The Geneva Conventions are too often violated [fr]
International humanitarian law
Statement by Ms. Anne Gueguen, Deputy Permanent Representative of France to the United Nations
Security Council - 13 August 2019
Seventy years ago, the adoption of the Geneva Conventions was a milestone in the evolution of our universal conscience following the horrors of the Second World War. I therefore welcome your commitment to this topic, Mr. President, and thank Poland for having taken the initiative of convening this commemorative meeting some months after the 1 April meeting, on international humanitarian law during the joint French andGerman presidency of the Security Council, led by Mr. Heiko Maas, German Federal Minister for Foreign Affairs, whose presence I welcome today, and Mr. Jean-Yves Le Drian, Minister of Europe and Foreign Affairs. For us, respect for international humanitarian law is a high diplomatic priority.
I would also like to thank the three briefers and pay special tribute to the International Committee of the Red Cross, which, as guarantor of the Geneva Conventions, plays an essential role in the fight for the dissemination and implementation of international humanitarian law.
Today, the Conventions and their Protocols Additional, for which we call for universal ratification, are too often violated, whether in Syria, Libya, Yemen, Palestine, Afghanistan, the Central African Republic, the Democratic Republic of the Congo or South Sudan. Certain parties to conf lict even go so far as to knowingly incorporate violations of those rules into their military strategy in order to deprive people of all assistance and obtain their surrender. Others violate international humanitarian law in the name of fighting terrorism. That is unacceptable and it is up to the Council to reaffirm that very clearly and regularly.
Today, our efforts must focus on three priorities :
1/ The first is to ensure access of humanitarian aid to civilian populations.
If humanitarian and medical personnel are to have access to civilians, they must be protected from all violence and threats and must not be targeted. No one should target an ambulance. The Security Council marked a critical point in addressing this challenge when it adopted resolution. In 2017, in order to move from words to action, France initiated a political statement to promote the implementation of that resolution, which is now endorsed by 44 States.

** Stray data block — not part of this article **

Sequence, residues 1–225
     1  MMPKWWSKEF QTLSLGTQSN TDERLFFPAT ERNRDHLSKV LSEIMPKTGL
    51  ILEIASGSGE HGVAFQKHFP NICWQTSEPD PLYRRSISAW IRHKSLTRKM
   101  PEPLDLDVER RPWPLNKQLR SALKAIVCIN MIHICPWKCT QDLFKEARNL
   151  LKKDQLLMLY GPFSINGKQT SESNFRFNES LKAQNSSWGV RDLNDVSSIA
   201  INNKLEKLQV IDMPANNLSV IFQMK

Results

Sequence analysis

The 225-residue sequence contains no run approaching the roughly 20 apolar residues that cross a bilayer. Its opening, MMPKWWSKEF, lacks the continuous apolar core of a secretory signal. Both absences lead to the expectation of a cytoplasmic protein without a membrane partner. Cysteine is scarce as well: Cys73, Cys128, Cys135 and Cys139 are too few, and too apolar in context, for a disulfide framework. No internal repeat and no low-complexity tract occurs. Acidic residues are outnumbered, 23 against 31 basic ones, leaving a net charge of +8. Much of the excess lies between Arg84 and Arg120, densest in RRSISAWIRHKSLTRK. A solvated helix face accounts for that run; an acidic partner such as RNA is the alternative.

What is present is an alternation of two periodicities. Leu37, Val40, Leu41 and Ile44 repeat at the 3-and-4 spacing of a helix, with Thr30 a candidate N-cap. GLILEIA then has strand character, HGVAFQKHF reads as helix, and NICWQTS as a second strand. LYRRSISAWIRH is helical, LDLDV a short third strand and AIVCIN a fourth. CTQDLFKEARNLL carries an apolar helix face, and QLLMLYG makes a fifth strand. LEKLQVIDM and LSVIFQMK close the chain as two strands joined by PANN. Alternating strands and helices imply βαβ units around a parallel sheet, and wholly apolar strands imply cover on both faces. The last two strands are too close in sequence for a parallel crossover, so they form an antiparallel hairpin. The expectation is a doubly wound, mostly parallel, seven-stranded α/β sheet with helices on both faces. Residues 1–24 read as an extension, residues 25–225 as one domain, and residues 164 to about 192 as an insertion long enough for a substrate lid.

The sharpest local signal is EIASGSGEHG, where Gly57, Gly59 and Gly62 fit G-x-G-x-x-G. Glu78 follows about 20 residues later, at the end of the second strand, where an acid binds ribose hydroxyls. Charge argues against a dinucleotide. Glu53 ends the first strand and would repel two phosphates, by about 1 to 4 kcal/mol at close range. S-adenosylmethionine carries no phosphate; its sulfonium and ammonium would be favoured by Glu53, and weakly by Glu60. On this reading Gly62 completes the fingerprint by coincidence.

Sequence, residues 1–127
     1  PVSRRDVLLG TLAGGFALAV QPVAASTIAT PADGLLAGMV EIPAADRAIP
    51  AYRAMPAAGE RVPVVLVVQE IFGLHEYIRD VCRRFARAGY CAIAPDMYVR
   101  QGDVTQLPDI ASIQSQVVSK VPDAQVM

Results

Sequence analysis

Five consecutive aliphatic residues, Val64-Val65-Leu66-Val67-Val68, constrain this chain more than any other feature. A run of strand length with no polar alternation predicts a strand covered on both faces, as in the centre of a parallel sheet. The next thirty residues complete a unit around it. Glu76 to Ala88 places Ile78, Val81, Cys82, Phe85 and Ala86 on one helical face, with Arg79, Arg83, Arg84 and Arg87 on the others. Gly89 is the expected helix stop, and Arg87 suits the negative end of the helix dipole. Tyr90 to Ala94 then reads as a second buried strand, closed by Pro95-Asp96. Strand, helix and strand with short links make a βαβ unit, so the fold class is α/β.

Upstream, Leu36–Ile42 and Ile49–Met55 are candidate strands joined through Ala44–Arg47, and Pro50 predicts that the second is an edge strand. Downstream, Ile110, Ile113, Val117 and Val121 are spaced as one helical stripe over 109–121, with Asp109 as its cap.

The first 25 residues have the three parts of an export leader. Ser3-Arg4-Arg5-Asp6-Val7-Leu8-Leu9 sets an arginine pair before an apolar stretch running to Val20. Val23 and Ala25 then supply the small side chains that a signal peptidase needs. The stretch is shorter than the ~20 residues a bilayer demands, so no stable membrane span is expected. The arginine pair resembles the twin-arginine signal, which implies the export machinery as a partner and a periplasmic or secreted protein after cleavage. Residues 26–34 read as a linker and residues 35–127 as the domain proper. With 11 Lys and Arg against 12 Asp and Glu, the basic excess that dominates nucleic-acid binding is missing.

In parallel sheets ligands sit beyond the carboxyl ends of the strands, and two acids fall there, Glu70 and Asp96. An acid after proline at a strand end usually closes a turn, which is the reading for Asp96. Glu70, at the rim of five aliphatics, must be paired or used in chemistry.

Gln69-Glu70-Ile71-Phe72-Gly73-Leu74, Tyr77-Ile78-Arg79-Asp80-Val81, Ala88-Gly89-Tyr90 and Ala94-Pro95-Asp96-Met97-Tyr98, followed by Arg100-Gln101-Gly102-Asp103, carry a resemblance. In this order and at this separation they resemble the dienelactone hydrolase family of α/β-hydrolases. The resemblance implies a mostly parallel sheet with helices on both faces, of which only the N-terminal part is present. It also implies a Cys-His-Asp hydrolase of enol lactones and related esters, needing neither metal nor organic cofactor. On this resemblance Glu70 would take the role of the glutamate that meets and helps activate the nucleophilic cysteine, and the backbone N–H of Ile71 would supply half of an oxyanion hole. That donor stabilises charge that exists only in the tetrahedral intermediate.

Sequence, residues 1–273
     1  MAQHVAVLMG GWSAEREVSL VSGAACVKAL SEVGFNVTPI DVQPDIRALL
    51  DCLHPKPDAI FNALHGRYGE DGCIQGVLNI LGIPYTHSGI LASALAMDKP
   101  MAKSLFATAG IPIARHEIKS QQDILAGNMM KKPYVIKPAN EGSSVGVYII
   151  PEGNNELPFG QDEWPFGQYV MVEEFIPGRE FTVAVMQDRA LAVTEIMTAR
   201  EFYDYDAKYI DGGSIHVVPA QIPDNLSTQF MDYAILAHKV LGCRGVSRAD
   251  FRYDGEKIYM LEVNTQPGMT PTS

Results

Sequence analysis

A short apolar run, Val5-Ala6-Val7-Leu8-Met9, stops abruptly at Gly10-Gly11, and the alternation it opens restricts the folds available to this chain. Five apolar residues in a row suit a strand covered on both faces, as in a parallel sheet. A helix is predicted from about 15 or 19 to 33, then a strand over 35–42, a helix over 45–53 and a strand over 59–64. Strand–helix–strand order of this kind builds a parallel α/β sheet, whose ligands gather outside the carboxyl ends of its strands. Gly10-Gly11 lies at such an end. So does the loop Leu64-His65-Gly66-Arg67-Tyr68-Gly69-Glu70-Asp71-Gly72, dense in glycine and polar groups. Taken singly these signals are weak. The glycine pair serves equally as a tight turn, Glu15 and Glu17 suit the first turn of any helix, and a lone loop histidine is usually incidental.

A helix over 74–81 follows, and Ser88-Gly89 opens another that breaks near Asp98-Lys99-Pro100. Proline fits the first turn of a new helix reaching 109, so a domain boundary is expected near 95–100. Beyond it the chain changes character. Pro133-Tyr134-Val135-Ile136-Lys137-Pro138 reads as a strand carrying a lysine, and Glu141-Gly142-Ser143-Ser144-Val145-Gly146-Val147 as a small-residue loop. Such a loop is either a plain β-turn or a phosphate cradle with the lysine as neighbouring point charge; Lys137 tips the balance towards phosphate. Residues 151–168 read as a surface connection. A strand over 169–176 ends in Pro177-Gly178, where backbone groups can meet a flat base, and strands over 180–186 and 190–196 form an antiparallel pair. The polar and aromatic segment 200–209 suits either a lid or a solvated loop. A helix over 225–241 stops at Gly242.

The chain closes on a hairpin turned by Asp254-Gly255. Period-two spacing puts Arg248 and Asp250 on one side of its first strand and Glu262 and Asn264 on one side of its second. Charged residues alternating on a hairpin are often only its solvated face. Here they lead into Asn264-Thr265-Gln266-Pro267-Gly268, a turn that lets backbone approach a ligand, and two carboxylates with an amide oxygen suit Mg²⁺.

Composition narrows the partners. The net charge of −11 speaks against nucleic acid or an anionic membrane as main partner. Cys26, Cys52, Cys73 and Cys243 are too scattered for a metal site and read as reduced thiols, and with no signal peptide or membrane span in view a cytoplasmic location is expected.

2/ The second priority is to prevent the violation of international humanitarian law.
That is what we do when we place the protection of civilians, particularly women and children, at the heart of peacekeeping mandates, as is the case for the United Nations Organization Stabilization Mission in the Democratic Republic of the Congo, the United Nations Multidimensional Integrated Stabilization Mission in Mali and the United Nations Multidimensional Integrated Stabilization Mission in the Central African Republic. As Miguel de Serpa Soares reminded us, those operations, like non-United Nations forces supported by the Council, should carry out their operations in strict compliance with international humanitarian law. That is what the human rights compliance framework does for the Joint Force of the Group of Five for the Sahel.
The prevention of violations of international humanitarian law depends above all on the behaviour of each State, and the members of the Security Council must be exemplary in that regard. In France’s military action, international humanitarian law is integrated from the planning stage and is an integral part of our security and defence cooperation, particularly in the training provided to our partners and the strategy for modernizing our armed forces. As Ms. Florence Parly, Minister of the Armed Forces, pointed out on 5 April, in her speech on intelligence and defence, the rise of artificial intelligence must not move any of the red lines drawn by international humanitarian law in terms of either discrimination between combatants and non-combatants, respect for the principle of proportionality or the minimization of damage. On the contrary, artificial intelligence should enable us to continue to improve our compliance with these rules in future conflicts.
3/ The third priority is the fight against impunity, the importance of which you have just noted, Mr. President.
We must strengthen national capacities to conduct International humanitarian law impartial and independent investigations and, where national mechanisms are insufficient or inappropriate, support the use of international mechanisms. In that regard, France reiterates its call for the universalization of the Rome Statute of the International Criminal Court.
There is also a need to improve data collection. The establishment of the World Health Organization database, which lists attacks on health personnel and infrastructure, is a significant step forward in that regard. We also welcome the establishment by the Secretary-General of an office of investigation into attacks on schools and hospitals in north-west Syria, using the United Nations de-confliction mechanism.
Finally, sanctions are a deterrence tool that the Council must use more frequently, particularly against those responsible for sexual violence and attacks on humanitarian personnel and facilities.
The task ahead is significant and we must collectively mobilize more than ever around those priorities. That is why, as Minister Heiko Maas has just noted, France and Germany have launched a humanitarian appeal for action, which we will introduce in September during high-level week at the General Assembly. The appeal will identify concrete actions that States can take to strengthen respect for international humanitarian law. We call on all of our partners to endorse it.